Mega Man: The Power Battle

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Mega Man: The Power Battle
Mega Man Power Battle illustration.PNG
Designer(s)Koji Ohkohara
Composer(s)Setsuo Yamamoto
Hideki Okugawa
SeriesMega Man
Platform(s)Arcade, PlayStation 2, GameCube, Xbox
  • JP: September 22, 1995[1]
  • NA: October 6, 1995
  • AS: October 6, 1995
Mode(s)Single-player, multiplayer
SoundCapcom Q-Sound Format
DisplayRaster, horizontal orientation

Mega Man: The Power Battle[a] is an arcade video game and a spin-off title for the Mega Man series. It was released in Japan in 1995 and was followed by a sequel, Mega Man 2: The Power Fighters, the following year. Both games—which were the first and only arcade titles ever to exist within the Mega Man franchise—were ported to home consoles in North America in 2004 as part of the Mega Man Anniversary Collection for PlayStation 2, Nintendo GameCube and Xbox and in Japan during the same year as part of two game compilation titled Rockman Power Battle Fighters (ロックマン パワーバトルファイターズ), also for the PlayStation 2.[3][4][5] An adaptation of both games for the Neo Geo Pocket Color, titled Rockman Battle & Fighters (ロックマン バトル&ファイターズ), was also made.[6]


The story of the game is simplistic; the evil Doctor Wily has rebuilt some of his Robot Masters, with which he is trying to take over the world, forcing the heroes to stop him.


Bass fighting Cut Man.

The game allows the player to choose between three playable characters: Mega Man, Proto Man, and Bass. Two players can play the game simultaneously as different characters and team up to defeat the bosses.

The game plays similarly to the main Mega Man games - the player uses one button to jump, and one to fire the character's arm-mounted energy weapon. Holding the fire button charges the weapon in order to release a stronger blast. Holding down while pressing the jump button makes the character perform a dash, the appearance of which varies between characters.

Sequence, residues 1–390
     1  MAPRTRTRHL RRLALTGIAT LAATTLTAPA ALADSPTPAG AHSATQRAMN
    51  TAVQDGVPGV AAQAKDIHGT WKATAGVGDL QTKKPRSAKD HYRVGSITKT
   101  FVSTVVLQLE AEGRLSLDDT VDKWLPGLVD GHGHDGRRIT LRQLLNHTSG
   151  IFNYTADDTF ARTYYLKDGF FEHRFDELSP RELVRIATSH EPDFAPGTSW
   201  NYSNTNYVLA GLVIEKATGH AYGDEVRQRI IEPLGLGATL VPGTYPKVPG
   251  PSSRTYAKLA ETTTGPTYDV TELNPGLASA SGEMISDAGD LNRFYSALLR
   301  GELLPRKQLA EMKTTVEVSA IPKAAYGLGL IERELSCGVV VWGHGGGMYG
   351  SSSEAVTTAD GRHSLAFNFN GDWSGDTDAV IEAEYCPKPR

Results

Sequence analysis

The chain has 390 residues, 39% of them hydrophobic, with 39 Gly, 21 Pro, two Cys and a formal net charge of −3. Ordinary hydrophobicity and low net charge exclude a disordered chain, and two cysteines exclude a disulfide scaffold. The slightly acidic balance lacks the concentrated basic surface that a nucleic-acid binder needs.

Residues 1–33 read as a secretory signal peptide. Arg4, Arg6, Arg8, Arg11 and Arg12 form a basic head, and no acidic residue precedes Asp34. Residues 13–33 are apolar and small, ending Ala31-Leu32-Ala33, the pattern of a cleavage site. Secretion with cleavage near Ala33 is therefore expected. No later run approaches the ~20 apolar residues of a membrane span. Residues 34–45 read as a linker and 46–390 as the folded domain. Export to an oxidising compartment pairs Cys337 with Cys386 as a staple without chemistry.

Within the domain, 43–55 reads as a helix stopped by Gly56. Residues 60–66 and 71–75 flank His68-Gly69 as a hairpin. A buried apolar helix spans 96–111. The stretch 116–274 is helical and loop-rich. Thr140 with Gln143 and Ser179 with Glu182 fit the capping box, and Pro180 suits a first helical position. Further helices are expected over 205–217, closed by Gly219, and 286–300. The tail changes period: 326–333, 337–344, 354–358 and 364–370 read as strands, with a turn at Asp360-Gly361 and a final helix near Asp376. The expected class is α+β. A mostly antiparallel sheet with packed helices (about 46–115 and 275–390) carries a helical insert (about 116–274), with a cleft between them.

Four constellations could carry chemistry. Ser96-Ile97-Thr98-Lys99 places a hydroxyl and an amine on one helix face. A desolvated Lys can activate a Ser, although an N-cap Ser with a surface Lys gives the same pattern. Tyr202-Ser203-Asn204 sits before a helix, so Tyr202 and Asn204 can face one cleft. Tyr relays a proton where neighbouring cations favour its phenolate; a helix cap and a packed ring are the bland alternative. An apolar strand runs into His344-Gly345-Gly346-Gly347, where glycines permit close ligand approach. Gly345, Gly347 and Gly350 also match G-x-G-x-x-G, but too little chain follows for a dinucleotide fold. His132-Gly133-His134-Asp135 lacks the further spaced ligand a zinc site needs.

After selecting a character, the player chooses between three "stories", with each one having different Robot Masters from various games. The "stories" are Mega Man 1-2, 3-6, and Mega Man 7. Upon choosing a "story", the game quickly pans through the various levels, letting the player choose one roulette-style.

A level is largely different from the mainstream Mega Man games; instead of going through an entire stage and fighting the Robot Master as a boss at the end, the player faces the Robot Master immediately, in a fight reminiscent of Capcom's Street Fighter series. Defeating a Robot Master earns the player their weapon, which can be switched to by pressing a button. Like in most Mega Man games, each Robot Master is weak to another one's weapon, so the player can fight through them in a "rock-paper-scissors"-style.


Rockman: The Power Battle Arcade Gametrack
Soundtrack album by
ReleasedDecember 1, 1995 (1995-12-01)
GenreVideo game soundtrack
LabelSony Records
Mega Man Arcade soundtrack chronology
Rockman: The Power Battle Arcade Gametrack Mega Man 2: The Power Fighters

The Rockman: The Power Battle (ロックマン ザ・パワーバトル) sound track was released on December 1, 1995 in Japan Sony Records. Its soundtrack contains arranged pieces from previous Mega Man games by Setsuo Yamamoto and Hideki Okugawa, and performed by Alph-Lyla.


Four reviewers for the Japanese publication Weekly Famitsu scored the PlayStation 2 compilation of the games a total of 22 out of 40.[7]


  1. ^ known in Japan as Rockman: The Power Battle (ロックマン・ザ・パワーバトル)
  1. ^ Mega Man: Official Complete Works. Udon Entertainment. January 6, 2010. p. 78. ISBN 978-1-897376-79-9.
  2. ^ Carless, Simon (August 7, 2006). "GameTap Goes Ninja, Gets Into Space Combat". GameSetWatch. Retrieved 2010-06-11.
  3. ^ Navarro, Alex (June 21, 2004). "Mega Man Anniversary Collection Review for PlayStation 2". GameSpot. Retrieved 2010-04-21.
  4. ^ Navarro, Alex (June 21, 2004). "Mega Man Anniversary Collection Review for Xbox". GameSpot. Retrieved 2010-04-21.
  5. ^ 1本で2度おいしい!? 『ロックマン パワーバトルファイターズ』 (in Japanese). Famitsu. Retrieved 2010-06-11.
  6. ^ ロックマン バトル&ファイターズ (in Japanese). Capcom. Archived from the original on 2010-02-09. Retrieved 2010-06-11.
  7. ^ Famitsu staff (August 13, 2004). クロスレビュー [Cross Review]. Famitsu (in Japanese). No. 817. Enterbrain. Archived from the original on April 28, 2019. Retrieved April 28, 2019.

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